Paddy Clarke is a ten year old boy in Ireland. He does all the things that young working class boys of his age do- he goes to school, plays when school is over, fights with his sibling and discovers the wonders of the world in his infinite curiosity.
The book is true to young boys in all cultures across ages. It explores a variety of themes related to childhood. A young boy's understanding of parental relationships, his methods of coping with peer pressure, his rapport with his siblings- each theme deserves a separate chapter of analysis. In the beginning, Paddy Clarke is a spirited child who is led more by instant wishes rather than by thought. Paddy lights up his brother's mouth with lighter fuel to watch it go like ' a dragon'. As the book progresses, we see Paddy Clarke's relationship with his brother Sinbad mature: 'Pretending to be protecting him, I'd wanted him close to me, to share, to listen together; to stop it or run away'.We see him slowly learn to comprehend peer pressure:'They could only boycott me if I didn't want to be boycotted'. We witness him actively seeking solutions to the growing rift between his parents:'Why didn't Da like Ma? She liked him; it was him didn't like her. What was wrong with her?' Such snippets mark Paddy Clarke's mental growth in the novel.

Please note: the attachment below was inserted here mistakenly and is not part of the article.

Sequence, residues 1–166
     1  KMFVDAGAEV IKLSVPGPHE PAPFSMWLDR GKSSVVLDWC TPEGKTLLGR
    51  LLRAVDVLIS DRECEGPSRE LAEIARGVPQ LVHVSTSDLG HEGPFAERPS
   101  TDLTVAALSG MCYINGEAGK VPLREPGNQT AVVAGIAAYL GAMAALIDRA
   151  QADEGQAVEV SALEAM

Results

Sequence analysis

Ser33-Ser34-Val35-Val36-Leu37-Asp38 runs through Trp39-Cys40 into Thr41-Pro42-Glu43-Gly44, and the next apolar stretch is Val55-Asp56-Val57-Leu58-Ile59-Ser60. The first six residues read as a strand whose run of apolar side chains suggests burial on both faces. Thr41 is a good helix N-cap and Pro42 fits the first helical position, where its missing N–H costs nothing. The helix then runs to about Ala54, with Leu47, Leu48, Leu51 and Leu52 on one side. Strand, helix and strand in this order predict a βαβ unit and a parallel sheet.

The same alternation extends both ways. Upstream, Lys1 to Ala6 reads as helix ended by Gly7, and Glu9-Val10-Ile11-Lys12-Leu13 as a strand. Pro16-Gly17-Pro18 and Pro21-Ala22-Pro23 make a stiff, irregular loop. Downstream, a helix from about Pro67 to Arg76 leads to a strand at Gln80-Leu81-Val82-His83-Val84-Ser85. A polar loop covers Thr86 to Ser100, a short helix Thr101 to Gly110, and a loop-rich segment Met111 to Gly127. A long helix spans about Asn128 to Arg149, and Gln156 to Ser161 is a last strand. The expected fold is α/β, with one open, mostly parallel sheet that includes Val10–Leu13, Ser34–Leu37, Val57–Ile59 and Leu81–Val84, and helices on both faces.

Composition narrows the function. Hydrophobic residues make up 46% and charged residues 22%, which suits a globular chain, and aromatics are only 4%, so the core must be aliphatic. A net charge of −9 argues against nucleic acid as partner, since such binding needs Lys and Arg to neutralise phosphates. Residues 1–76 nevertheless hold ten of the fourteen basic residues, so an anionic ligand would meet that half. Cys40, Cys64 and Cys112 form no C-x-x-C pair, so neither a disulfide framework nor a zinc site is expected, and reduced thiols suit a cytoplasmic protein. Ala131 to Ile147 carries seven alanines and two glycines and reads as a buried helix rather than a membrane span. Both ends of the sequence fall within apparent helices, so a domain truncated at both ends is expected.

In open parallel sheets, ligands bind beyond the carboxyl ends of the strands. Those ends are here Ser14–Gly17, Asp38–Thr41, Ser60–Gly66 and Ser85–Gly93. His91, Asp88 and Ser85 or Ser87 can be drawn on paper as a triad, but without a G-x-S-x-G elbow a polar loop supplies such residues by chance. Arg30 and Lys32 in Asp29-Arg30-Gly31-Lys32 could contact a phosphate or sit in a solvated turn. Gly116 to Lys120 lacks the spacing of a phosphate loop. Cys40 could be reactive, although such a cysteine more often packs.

This book is unique for its captivating writing style. Roddy Doyle has slipped into juvenile shoes and written the book like it is a diary maintained by a ten year old boy. Childhood inconsistencies of logic, a child's love for music in words, even a child's way of remembering and correlating to things. Doyle dexterously serves it all. The language trots with the boys when they play, races with them when they steal from shops and halts in suspense when the boys are caught in the middle of trouble making.
This is a book I will remember for two reasons. One, for its unique style of narration. And two, for its lovely cover. The book cover shows a young white boy hanging-on happily from what looks like a wall. The cover captures the spirit of the book beautifully. The cover is as happy-go-lucky as Paddy Clarke himself and as memorable as the memoirs of the ten year old. The picture evokes a sense of fragile glee and sets one effectively in the right mood for the book.
Book Reviewed by Ashmita Saha
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